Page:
Wedding Tips: How to Tell Your Best Friend Their Nightmare Kid Isn’t Going to be the Ring Bearer
For many Orange County brides, the hardest part of the wedding planning process comes down to letting people know how they will (or won’t!) be helping the couple celebrate their special day.

“My friend Amy is wonderful,” Zoe said. “I love her to pieces. But her son, Jackie, is already this out-of-control terror. He’s the kind of kid who’s always running around and bouncing off the walls, screaming. Which fine, he’s a toddler, that’s what they do. Amy thinks it would be so cute if I had Jackie as the ring bearer. But no, that wouldn't be cute. That would be a nightmare.” 

"We got a great deal on our wedding bands,” Zoe’s fiance, Stan, said. “But they weren't exactly cheap, you know? I don’t want to trust this little kid with over a grand’s worth of diamonds.”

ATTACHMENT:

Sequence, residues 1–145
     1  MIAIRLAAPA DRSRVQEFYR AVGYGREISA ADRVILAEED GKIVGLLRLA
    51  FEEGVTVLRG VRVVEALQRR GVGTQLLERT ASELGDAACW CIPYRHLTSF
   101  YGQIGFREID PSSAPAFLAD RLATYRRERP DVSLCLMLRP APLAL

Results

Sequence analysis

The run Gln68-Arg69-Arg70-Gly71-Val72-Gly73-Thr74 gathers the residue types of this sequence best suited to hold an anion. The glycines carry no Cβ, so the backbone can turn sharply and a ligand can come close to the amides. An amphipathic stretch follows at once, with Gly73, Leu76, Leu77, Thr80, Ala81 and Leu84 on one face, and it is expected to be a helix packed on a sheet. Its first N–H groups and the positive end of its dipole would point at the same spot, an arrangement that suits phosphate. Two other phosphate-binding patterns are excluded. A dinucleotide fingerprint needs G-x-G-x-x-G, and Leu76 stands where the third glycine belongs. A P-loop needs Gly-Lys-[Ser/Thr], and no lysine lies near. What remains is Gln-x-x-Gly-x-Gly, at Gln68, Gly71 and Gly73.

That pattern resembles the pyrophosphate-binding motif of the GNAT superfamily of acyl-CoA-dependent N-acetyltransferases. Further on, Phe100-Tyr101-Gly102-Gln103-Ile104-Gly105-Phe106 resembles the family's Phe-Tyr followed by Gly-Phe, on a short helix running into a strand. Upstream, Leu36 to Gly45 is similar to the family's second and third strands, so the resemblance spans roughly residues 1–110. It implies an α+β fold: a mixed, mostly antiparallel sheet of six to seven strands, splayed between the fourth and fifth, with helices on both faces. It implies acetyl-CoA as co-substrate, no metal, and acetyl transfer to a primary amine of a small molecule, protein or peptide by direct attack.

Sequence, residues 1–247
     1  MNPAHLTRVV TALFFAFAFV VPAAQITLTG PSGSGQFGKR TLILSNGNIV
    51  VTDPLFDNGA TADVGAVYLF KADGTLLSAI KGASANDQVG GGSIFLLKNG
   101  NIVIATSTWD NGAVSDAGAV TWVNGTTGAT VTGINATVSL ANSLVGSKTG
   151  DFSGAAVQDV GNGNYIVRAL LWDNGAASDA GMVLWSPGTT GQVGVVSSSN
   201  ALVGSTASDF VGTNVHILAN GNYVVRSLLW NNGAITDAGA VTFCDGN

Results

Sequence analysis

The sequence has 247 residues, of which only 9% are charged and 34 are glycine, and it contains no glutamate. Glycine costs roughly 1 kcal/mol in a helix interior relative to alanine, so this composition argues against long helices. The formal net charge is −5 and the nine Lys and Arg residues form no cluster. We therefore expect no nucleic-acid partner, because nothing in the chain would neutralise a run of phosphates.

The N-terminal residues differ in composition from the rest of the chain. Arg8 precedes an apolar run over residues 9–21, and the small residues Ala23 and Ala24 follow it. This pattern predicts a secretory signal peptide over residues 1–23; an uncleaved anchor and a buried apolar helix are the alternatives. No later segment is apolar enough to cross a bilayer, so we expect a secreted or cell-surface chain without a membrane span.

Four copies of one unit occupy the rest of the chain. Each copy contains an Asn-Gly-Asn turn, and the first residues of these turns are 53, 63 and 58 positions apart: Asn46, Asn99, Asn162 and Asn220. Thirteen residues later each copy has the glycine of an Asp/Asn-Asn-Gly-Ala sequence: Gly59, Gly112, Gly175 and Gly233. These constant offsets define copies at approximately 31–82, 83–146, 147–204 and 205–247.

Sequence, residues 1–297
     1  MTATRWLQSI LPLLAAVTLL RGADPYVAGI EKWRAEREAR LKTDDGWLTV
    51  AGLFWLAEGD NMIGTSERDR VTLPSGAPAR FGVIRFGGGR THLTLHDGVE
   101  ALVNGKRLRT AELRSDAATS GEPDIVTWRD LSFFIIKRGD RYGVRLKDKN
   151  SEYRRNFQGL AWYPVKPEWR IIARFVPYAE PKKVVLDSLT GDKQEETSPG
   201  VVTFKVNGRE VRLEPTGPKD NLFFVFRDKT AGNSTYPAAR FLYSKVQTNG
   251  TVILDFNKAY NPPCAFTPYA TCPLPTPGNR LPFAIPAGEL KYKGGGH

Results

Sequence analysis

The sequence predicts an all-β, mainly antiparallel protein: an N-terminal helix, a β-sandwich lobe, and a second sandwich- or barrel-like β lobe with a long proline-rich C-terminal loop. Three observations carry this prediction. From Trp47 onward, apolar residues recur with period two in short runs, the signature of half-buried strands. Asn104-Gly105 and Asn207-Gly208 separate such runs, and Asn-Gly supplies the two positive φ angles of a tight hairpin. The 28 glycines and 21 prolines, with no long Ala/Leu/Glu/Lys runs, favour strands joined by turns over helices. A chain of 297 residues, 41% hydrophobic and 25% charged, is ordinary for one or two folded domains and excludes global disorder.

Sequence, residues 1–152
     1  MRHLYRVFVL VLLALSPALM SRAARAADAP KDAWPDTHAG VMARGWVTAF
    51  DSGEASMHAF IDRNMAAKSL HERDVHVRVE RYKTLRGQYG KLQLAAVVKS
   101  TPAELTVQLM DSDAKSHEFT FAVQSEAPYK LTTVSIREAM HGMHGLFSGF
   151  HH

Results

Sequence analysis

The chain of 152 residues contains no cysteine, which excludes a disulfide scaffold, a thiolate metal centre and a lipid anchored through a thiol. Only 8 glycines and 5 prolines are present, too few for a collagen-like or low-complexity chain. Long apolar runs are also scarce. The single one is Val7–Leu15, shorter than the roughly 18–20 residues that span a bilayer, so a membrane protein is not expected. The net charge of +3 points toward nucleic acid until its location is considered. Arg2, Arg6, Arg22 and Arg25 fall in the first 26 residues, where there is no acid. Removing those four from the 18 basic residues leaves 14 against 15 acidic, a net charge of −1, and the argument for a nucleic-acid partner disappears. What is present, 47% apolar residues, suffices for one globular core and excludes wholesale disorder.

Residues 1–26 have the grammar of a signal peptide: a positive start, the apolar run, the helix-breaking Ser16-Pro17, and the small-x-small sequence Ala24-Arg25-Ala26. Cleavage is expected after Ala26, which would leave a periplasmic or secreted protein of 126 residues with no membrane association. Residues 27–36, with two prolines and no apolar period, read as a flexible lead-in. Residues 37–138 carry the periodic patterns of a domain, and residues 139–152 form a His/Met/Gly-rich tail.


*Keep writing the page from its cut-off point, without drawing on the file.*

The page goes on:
Be kind but firm when letting your friend know that their child won’t be participating in the wedding ceremony, relationship experts advise in these wedding tips. Figure out ahead of time how you’re going to handle the ring bearer situation – maybe another child has already been promised that honor? Perhaps his best man will have the ring? – and present your friend with this information as a plan that has already been set in stone.

Another strategy is to give your friend’s child a way to participate in the ceremony that isn't as central. Throwing rose petals out of a basket is a just-as-visible but infinitely-less-potentially-expensive alternative than serving as a ring bearer. If you’re not including any other children in your wedding ceremony, this is a good opportunity to point out how difficult and uncomfortable being in a wedding party can be for little kids. Wearing formal clothes and staying still are not many toddler’s idea of fun. Making the child’s comfort and happiness central is really hard to argue with.